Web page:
Vacation days are like airline miles. Better use them before you lose them! Seriously, there is no shame taking all your vacation days. One should take at least 75% of them every year, particular due to the carry over policies.
California forces employers to pay for 30 days of vacation (1month salary) if that is what you accumulate and then leave.
Debbie: Correct. Like I said above, they’re not forcing anything on employers, just streamlining things so it’s easier for people to save for retirement.
This moving of unused sick and vacation days into retirement accounts is only when you could get cash for those things to begin with–the change is that you could put that cash into your retirement account, not that you could suddenly get paid for unused time off. (I wish!)
My husband is working for a company that has a use-it-or-lose-it policy with regards to vacation. On paper, it seems like everyone would use it, but in this economy and in this company, there is unsaid pressure to not take vacation time. He has to take 1 week per quarter of UNPAID time off (cannot use vacation time) and beyond that, they’ve made it clear that he shouldn’t take much more than that (not on paper, of course, just the “feeling”).
He likes this job and wants to keep it, so that is just the way it is right now. We did lose a sizable chunk of vacation time last year as a result, so I would love to have the option of rolling it to a 401K if his company were to offer it.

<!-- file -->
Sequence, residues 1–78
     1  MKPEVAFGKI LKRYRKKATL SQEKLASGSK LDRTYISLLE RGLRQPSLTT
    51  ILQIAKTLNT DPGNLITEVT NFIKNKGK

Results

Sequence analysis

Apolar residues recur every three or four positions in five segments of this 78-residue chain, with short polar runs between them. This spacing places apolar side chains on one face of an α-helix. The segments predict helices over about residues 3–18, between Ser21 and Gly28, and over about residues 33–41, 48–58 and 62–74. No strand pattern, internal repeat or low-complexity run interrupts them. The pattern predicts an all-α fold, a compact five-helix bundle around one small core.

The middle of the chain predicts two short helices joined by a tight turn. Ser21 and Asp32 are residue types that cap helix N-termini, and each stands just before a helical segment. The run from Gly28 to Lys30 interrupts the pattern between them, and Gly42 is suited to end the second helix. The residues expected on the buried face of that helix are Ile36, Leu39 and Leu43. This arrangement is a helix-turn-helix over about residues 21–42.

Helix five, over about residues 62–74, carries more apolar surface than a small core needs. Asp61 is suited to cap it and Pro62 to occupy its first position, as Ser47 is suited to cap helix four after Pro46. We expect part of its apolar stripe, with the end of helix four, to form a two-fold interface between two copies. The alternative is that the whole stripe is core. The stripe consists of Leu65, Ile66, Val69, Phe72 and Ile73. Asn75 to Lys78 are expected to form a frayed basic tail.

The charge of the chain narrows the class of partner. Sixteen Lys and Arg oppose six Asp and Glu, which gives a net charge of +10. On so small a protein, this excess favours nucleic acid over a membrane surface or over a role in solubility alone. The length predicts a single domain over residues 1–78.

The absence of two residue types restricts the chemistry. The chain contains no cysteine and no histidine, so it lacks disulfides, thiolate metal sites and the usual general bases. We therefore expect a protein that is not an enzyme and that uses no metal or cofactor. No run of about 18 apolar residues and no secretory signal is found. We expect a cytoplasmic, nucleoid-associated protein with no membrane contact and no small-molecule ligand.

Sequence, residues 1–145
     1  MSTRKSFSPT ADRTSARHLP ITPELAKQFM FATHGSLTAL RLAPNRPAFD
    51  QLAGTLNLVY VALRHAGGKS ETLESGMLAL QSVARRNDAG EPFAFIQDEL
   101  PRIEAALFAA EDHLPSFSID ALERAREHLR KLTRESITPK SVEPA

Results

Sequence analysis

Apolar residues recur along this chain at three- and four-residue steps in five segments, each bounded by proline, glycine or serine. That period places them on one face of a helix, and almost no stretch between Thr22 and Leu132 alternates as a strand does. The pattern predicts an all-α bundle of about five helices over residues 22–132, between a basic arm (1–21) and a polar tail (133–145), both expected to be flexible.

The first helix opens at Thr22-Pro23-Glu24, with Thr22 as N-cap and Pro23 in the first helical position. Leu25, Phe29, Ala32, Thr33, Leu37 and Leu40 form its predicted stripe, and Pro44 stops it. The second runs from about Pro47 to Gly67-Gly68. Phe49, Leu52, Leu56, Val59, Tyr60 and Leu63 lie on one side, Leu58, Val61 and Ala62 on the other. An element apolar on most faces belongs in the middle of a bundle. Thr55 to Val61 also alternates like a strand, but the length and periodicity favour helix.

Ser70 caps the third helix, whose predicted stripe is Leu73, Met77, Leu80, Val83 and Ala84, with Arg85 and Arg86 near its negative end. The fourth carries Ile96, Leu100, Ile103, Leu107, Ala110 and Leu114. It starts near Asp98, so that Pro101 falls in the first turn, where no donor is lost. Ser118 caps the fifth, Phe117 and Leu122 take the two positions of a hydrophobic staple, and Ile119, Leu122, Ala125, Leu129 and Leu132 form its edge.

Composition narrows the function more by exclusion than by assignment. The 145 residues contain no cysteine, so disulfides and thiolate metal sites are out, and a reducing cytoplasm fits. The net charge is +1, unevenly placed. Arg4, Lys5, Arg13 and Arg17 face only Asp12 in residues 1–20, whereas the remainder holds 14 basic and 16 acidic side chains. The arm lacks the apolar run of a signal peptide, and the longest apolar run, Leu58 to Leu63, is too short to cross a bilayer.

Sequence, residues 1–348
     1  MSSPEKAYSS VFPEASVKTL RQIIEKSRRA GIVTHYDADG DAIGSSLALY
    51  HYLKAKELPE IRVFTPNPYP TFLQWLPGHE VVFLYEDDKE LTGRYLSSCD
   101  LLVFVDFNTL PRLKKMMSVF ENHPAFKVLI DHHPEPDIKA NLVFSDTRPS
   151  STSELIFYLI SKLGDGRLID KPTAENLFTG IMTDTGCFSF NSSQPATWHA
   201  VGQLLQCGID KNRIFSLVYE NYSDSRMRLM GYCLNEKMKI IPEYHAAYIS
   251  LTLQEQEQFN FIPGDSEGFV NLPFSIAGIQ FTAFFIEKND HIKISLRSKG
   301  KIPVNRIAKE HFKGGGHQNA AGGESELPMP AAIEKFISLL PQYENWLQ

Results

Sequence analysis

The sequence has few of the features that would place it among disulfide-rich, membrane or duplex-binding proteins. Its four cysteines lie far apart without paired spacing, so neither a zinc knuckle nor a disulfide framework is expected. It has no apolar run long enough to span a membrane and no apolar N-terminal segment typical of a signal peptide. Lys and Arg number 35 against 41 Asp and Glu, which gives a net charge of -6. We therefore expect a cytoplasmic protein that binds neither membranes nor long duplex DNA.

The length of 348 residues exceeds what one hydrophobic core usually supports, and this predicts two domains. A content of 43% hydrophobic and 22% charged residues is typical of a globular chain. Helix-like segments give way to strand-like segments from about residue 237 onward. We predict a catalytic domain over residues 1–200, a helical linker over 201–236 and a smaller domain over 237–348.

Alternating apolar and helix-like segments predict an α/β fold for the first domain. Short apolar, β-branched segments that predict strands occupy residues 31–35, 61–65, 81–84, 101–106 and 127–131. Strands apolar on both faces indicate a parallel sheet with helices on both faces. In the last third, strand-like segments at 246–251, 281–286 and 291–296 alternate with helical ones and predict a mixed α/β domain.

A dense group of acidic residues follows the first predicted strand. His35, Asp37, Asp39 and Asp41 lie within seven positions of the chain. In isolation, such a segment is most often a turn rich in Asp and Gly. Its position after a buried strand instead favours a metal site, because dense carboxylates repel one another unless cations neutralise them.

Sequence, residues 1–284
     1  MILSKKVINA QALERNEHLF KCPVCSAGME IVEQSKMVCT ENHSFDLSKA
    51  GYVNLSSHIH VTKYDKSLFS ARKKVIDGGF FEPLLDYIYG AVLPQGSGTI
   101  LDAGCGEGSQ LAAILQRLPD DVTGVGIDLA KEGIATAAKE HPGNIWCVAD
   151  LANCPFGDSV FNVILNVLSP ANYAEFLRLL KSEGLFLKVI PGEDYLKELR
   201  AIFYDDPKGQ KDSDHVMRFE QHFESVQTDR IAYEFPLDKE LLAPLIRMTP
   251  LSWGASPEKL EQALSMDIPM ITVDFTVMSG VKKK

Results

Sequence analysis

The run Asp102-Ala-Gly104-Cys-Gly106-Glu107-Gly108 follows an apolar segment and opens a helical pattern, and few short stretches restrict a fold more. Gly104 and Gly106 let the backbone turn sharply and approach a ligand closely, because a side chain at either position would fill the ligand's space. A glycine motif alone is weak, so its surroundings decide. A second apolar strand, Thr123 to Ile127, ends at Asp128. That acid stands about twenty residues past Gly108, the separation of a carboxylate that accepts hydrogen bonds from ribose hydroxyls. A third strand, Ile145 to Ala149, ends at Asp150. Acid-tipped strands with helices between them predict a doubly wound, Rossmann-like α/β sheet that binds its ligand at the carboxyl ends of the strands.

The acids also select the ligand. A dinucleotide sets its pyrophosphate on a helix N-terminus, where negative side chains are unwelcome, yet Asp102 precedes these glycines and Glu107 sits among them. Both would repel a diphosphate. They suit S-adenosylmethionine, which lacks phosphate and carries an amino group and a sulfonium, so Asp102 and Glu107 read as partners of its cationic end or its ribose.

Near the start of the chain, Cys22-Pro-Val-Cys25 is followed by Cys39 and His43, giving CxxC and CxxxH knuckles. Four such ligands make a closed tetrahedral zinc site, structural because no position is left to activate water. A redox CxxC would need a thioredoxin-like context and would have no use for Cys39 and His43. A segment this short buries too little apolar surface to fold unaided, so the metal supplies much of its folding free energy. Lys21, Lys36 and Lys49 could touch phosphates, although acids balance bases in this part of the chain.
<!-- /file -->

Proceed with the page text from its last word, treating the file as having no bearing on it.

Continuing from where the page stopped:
I wish I could convert some of my vacation time to a 401k contribution. Our company does a combined sick time/vacation time account and it adds up quickly. Luckily, we are allowed to roll the time over from year to year. There is a cap on the total amount of time you can have.
Ah yes, the big mystery. When you’re 22, and making $50,000 a year, you can only contribute $16,000 to your 401k. Yet, when you are 45 and make $250,000 a year, you STIll can only contribute $16,000/yr?
Thanks government for encouraging us to save! You’re going to take away our pension money, and now you’re reducing our 401K contribution?
This the principle of the consent default option, and there are a host of things in our society — such as being an organ donor — which would work much better if the default were the consent.